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Network Diagramming

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Network Analysis The common term for network analysis is PERT PERT stands for Program Evaluation and Review Technique The word PERT, though, has grown to mean network analysis in general

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Network Analysis Goal is to find critical path and bottlenecks Those tasks that have the most schedule pressure What is critical path?

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Comparison Gantt Chart Milestone Chart

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PERT CHART

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Terminology and Symbols Event Activity 46 Start WorkSign Contract

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Terminology and Symbols Burst Point - Many Tasks Starting when One Finishes

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Terminology and Symbols Sink - Many Tasks Finishing before One Can Start

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Performing the Analysis Forward Pass - Working forward through the network to find earliest start and finish times Backward Pass - Working backward through the network to find latest start and finish times

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Earliest Start and Finish Times The earliest times the tasks can start based on the constraints of the preceding tasks and their relationships to each other. So, if task A can’t finish till Monday at 5pm, task B can’t start till Monday at 5:01 pm.

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Latest Start and Finish Times The latest times the tasks can start and finish based on the succeeding tasks and the ultimate finish time. If the contract says the end date for the project is March 11th, then the project has to finish March 11th.

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Slack Time There are two types of slack: Free slack is float time between tasks based on the relationships of the tasks Introduced slack is the float time built into the network by contract - this is not in book, but is common in networks, also called total slack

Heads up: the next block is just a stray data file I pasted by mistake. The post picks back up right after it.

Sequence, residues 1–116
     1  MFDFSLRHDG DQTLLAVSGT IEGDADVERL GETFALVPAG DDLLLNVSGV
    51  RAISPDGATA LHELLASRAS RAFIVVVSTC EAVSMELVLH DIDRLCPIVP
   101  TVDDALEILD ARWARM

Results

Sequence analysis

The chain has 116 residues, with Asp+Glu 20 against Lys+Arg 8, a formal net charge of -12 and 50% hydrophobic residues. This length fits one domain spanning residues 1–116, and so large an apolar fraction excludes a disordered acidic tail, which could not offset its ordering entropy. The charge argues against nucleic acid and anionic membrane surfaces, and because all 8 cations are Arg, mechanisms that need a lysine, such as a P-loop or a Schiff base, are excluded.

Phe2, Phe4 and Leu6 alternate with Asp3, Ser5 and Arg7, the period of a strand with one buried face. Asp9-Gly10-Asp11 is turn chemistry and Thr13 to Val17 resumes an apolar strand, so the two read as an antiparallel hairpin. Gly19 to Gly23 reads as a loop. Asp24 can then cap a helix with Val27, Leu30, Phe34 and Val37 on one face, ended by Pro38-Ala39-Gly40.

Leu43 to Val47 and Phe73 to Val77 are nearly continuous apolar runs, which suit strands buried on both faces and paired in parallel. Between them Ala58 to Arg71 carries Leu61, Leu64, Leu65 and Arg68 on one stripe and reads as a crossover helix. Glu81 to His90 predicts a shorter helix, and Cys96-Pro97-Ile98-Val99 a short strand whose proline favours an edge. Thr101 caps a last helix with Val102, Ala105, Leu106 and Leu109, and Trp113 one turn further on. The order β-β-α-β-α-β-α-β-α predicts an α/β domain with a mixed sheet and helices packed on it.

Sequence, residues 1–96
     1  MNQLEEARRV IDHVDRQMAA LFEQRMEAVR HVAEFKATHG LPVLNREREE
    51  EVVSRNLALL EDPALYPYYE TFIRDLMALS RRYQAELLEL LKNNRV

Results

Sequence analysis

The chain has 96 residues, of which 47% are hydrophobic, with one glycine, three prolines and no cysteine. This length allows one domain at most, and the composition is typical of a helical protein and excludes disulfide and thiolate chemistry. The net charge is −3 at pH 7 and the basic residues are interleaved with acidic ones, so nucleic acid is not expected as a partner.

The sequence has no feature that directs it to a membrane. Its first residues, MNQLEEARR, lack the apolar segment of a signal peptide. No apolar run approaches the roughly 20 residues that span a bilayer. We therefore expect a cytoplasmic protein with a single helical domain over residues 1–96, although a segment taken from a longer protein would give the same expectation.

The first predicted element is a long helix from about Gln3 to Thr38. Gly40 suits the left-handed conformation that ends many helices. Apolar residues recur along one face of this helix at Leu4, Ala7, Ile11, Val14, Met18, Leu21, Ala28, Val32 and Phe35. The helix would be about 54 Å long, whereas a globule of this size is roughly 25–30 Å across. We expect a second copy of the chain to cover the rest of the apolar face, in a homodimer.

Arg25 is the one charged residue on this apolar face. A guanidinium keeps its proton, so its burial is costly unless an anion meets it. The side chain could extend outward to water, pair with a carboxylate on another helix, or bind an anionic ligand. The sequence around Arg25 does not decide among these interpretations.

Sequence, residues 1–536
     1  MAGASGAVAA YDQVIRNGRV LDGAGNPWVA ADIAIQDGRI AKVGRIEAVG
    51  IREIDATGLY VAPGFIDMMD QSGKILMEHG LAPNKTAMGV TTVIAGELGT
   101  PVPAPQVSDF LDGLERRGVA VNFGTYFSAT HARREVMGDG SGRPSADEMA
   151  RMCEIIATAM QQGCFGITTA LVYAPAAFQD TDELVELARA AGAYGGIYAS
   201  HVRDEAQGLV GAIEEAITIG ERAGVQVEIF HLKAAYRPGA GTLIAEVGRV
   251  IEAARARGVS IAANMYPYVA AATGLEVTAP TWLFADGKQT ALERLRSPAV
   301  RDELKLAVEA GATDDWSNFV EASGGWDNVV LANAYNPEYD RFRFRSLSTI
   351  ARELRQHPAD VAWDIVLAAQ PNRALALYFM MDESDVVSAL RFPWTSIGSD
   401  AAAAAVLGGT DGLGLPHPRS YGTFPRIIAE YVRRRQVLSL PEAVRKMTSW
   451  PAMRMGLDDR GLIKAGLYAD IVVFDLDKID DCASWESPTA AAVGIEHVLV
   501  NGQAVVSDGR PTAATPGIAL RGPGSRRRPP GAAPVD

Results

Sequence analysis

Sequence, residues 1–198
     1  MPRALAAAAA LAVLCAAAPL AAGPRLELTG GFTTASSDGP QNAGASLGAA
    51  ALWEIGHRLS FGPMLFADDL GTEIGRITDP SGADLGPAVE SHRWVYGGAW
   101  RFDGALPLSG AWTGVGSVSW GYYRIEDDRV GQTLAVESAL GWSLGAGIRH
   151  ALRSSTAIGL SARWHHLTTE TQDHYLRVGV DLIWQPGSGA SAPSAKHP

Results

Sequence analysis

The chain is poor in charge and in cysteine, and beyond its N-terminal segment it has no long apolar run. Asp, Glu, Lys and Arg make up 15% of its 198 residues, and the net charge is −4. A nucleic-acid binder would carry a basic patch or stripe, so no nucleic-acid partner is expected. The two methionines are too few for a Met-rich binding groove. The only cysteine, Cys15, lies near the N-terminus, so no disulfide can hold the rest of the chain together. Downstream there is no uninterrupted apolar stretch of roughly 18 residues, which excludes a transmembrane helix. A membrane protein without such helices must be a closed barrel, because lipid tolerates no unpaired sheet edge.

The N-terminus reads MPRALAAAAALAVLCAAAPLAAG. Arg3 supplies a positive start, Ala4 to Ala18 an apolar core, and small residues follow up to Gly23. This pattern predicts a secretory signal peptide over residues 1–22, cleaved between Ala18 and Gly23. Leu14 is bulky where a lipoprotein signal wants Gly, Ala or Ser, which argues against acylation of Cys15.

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Example 1

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AB C D E F G

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Calculations Earliest Start = Latest start from proceeding task Earliest Finish = Earliest Start + Task Length Latest Finish = Latest Start from Succeeding Task or Contractual Finish Latest Start = Latest Finish - Task Length

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Forward Pass No Introduced Slack

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Example 1 AB C D E F G A ES = 1 EF = 1 + 1 = 2 B ES = 2 from A EF = 2 + 3 = 5

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Example 1 AB C D E F G C ES = 5 from B EF = 5 + 4 = 9 D ES = 5 from B EF = 5 + 3 = 8

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Example 1 AB C D E F G E ES = 9 from C EF = 9 + 6 = 15 F ES = 15 from E (NOT D) always use latest, earliest finish EF = 15 + 3 = 18

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Example 1 AB C D E F G G ES = 18 from F EF = 18 + 1 = 19

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Backward Pass

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Example 1 AB C D E F G G LF = 19 LS = 19 - 1 = 18

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Example 1 AB C D E F G E LF = 15 from F LS = 15 - 6 = 9 F LF = 18 from G LS = 18 - 3 = 15

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Example 1 AB C D E F G C LF = 9 from E LS = 9 - 4 = 5 D LF = 15 from F LS = 15 - 3 = 12

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Example 1 AB C D E F G A LF = 2 from B LS = 2 - 1 = 1 B LF = 5 from C (NOT D) Use earliest Latest Start LS = 5 - 3 = 2

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Start and Finish Times

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Critical Path Critical path (CP) are those tasks with no free slack. So, LS - ES - introduced slack = 0 LF - EF - introduced slack = 0

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Example 1 AB C D E F G Critical Path has no free slack D has no free slack Critical path in red.

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Example 2

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Example 3

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Estimated Times When combining data for calculating times the best way is: [best time + (4 X Average) + worst) = ML 6 ML = Most likely

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Estimated Times Best time = 14 Average = 17 Worst = 28 [14 + (4 X 17) + 28] = ML = 18.3 or 19

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Chapter 7 – PERT, CPM and Critical Chain Operations Management by R. Dan Reid & Nada R. Sanders 4th Edition © Wiley 2010.

Chapter 7 – PERT, CPM and Critical Chain Operations Management by R. Dan Reid & Nada R. Sanders 4th Edition © Wiley 2010.

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